The Jerusalem Post
An extraordinary story of a Saudi Arabian woman
Most of us know relatively little about the reality of life in Saudi Arabia and in recent years a talented female director, Haifaa Al-Mansour, has given us a glimpse into it through her movies. Her latest film, The Perfect Candidate, which opens throughout Israel on Thursday, is a fascinating look at how changes in women’s rights are beginning to take place.
Al-Mansour burst onto the international cinema scene in 2012 with Wadjda, a movie about a young girl who enters a Koran competition in order to buy herself a bike – something no one really thinks a girl ought to have – with her winnings. It was an upbeat story of a sweet but rebellious girl that may sound formulaic but which showcased an amazingly winning performance by Waad Mohammed in the title role and was absolutely wonderful. It was similar in tone and theme to Whale Rider, the story of a New Zealand girl smashing the taboos of Maori culture.
The Perfect Candidate is a look at what might happen to a girl like Wadjda when she grows up and still has to deal with the same logic-defying laws that oppress women. But, like Wadjda, it avoids preachiness and looks at the challenges of being a non-conformist. The movie was made in 2019, not long after Saudi women were allowed to drive and Maryam is often shown behind the wheel. This is a period when the rules are changing in Saudi Arabia and several of the other onerous, misogynistic laws depicted in the film have been eliminated since the film was shot.
The movie tells the story of Maryam (Mila Al Zahrani), a doctor who works in a clinic in a small hospital. Unmarried, she is law abiding, wearing a niqab when it is required and observing fasts. She lives with her sisters and her father, a widowed musician who is often on the road and unreachable, which gives Maryam a certain freedom at home. She faces all kinds of discrimination at work, exemplified in an early scene where an older man refuses to be treated by her, even though she is fully veiled, cursing the idea of female doctors and saying he would rather be taken care of by a male nurse.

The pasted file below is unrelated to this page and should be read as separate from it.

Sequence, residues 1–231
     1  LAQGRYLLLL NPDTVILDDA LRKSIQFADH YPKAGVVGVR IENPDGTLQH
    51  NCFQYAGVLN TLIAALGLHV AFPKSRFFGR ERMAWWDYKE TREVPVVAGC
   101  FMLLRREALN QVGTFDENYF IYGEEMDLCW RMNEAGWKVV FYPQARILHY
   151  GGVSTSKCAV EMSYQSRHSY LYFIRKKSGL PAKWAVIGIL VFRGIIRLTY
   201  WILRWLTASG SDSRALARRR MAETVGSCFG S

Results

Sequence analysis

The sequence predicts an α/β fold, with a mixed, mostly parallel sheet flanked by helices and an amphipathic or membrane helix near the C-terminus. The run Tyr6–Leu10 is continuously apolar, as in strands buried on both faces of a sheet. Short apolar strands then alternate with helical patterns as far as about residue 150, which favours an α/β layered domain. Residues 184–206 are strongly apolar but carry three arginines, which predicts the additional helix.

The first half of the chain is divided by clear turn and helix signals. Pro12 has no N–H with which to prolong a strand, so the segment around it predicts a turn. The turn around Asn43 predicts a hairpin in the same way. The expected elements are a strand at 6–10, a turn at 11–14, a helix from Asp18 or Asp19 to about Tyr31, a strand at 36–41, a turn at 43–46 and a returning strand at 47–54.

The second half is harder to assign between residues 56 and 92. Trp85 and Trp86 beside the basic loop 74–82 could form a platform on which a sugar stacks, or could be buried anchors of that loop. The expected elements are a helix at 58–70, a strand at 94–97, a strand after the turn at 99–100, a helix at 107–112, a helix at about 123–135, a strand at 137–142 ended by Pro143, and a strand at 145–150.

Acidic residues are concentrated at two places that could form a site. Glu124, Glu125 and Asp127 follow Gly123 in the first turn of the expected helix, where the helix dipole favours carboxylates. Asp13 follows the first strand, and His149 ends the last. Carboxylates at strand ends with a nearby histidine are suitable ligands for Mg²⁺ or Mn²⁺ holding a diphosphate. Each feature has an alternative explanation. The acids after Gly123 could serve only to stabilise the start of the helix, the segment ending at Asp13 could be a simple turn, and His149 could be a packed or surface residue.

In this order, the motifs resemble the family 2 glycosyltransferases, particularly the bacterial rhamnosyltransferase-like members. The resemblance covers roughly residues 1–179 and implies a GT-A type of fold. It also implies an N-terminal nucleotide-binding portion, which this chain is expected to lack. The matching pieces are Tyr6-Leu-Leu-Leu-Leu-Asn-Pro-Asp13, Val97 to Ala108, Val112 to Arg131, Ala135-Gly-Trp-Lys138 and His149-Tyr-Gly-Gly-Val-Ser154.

A road that leads to the hospital is unpaved and floods often, due to a burst pipe, making it impossible for ambulances to pull up to the entrance and forcing orderlies to carry stretchers and wheelchairs through knee-deep mud. Her requests to the hospital administration that the road be repaired are ignored, as are her pleas to local bureaucrats and she ultimately decides that the only way for her to make a change is to run for the local city council, which is permitted for a woman but frowned upon by conservatives.
Most of the film follows the obstacles that she faces during her campaign, such as the fact that female candidates are not generally permitted to address male audiences, a pretty big drawback in politics. It also follows her struggle to renew her travel document so she can travel to a conference in Dubai, which she hopes will allow her the opportunity to work abroad or to be transferred to an urban hospital where she would be treated better. The problem is, she needs her father’s permission to renew the document and he is off on tour. Seeing this capable strong woman begging male bureaucrats (presumably far less educated than she) to be allowed to attend an event for medical personnel is heartbreaking and anyone who has ever been caught in the jaws of any bureaucracy will identify with her.
Al-Mansour has struck gold again with her leading lady. Mila Al Zahrani, who appears in nearly every second of the film, has a strong but elegant screen presence and she makes the heroine an extremely appealing character. The heroine’s sisters are also a lot of fun and the interplay among them makes for some of the movie’s most enjoyable moments.
The bureaucracy and antiquated laws are the antagonist, rather than any specific villain and the movie suffers dramatically from the lack of a real bad guy. Most of the people are basically decent guys stuck in an archaic and unyielding system, one that can be swept away quite easily by people like the heroine, the film suggests. It would have been nice to get a little deeper into Maryam’s inner life, but perhaps Al-Mansour, who has gone abroad to direct such films as the biopic Mary Shelley, focused so closely on the truth of her heroine’s life that she needed to keep the struggle to be taken seriously front and center.